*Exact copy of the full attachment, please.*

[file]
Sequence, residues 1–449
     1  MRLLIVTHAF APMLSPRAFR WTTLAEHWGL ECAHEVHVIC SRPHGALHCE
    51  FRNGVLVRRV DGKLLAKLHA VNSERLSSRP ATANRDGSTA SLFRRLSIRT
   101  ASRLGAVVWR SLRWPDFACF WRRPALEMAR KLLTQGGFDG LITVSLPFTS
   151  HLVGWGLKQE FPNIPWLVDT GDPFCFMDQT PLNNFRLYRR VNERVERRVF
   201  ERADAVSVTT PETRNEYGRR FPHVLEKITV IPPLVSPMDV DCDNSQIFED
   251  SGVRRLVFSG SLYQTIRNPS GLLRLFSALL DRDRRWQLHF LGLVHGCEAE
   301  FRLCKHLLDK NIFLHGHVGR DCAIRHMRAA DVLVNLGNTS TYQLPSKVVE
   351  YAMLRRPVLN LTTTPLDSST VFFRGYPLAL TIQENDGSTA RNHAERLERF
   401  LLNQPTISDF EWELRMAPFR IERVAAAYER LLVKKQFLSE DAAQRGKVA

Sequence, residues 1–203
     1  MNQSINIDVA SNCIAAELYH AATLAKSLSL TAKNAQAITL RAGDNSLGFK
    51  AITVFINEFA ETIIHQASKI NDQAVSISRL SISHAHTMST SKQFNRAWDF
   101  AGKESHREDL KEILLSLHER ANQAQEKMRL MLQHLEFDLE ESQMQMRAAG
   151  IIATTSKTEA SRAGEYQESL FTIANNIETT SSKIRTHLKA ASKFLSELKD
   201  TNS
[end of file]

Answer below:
Sequence, residues 1–449
     1  MRLLIVTHAF APMLSPRAFR WTTLAEHWGL ECAHEVHVIC SRPHGALHCE
    51  FRNGVLVRRV DGKLLAKLHA VNSERLSSRP ATANRDGSTA SLFRRLSIRT
   101  ASRLGAVVWR SLRWPDFACF WRRPALEMAR KLLTQGGFDG LITVSLPFTS
   151  HLVGWGLKQE FPNIPWLVDT GDPFCFMDQT PLNNFRLYRR VNERVERRVF
   201  ERADAVSVTT PETRNEYGRR FPHVLEKITV IPPLVSPMDV DCDNSQIFED
   251  SGVRRLVFSG SLYQTIRNPS GLLRLFSALL DRDRRWQLHF LGLVHGCEAE
   301  FRLCKHLLDK NIFLHGHVGR DCAIRHMRAA DVLVNLGNTS TYQLPSKVVE
   351  YAMLRRPVLN LTTTPLDSST VFFRGYPLAL TIQENDGSTA RNHAERLERF
   401  LLNQPTISDF EWELRMAPFR IERVAAAYER LLVKKQFLSE DAAQRGKVA

Sequence, residues 1–203
     1  MNQSINIDVA SNCIAAELYH AATLAKSLSL TAKNAQAITL RAGDNSLGFK
    51  AITVFINEFA ETIIHQASKI NDQAVSISRL SISHAHTMST SKQFNRAWDF
   101  AGKESHREDL KEILLSLHER ANQAQEKMRL MLQHLEFDLE ESQMQMRAAG
   151  IIATTSKTEA SRAGEYQESL FTIANNIETT SSKIRTHLKA ASKFLSELKD
   201  TNS